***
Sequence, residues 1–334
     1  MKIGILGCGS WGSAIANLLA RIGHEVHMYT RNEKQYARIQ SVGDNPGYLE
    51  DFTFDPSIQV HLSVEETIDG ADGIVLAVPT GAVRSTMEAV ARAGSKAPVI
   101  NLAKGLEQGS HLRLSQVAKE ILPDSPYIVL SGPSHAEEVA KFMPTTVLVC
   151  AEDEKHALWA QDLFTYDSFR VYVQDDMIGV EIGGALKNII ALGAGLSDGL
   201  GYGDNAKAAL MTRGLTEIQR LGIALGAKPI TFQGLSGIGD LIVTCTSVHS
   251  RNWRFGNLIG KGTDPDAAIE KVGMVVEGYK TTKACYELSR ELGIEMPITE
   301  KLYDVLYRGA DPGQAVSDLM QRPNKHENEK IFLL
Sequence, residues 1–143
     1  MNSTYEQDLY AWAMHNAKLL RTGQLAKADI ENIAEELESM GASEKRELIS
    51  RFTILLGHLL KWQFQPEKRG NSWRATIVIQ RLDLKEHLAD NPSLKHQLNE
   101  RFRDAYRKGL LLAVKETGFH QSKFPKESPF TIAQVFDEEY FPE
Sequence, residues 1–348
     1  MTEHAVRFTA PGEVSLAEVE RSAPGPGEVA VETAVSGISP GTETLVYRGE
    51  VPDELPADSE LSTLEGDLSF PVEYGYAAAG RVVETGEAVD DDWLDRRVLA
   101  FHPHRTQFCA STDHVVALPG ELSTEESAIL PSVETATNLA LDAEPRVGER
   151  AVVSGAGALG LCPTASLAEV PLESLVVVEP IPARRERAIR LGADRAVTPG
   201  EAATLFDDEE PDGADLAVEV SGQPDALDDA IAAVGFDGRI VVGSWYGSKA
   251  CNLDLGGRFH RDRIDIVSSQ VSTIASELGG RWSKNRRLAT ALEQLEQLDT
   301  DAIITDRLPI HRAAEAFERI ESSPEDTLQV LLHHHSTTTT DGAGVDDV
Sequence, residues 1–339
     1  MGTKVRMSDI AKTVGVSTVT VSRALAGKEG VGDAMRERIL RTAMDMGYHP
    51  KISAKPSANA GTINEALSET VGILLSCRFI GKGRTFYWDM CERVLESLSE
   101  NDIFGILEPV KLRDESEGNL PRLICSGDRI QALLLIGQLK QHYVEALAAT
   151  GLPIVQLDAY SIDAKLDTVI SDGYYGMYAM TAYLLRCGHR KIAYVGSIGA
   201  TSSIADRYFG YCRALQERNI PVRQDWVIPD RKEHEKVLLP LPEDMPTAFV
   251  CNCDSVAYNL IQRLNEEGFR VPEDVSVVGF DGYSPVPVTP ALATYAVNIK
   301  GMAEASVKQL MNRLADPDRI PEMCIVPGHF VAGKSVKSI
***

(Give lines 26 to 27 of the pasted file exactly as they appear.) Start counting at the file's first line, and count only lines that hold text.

   201  TSSIADRYFG YCRALQERNI PVRQDWVIPD RKEHEKVLLP LPEDMPTAFV
   251  CNCDSVAYNL IQRLNEEGFR VPEDVSVVGF DGYSPVPVTP ALATYAVNIK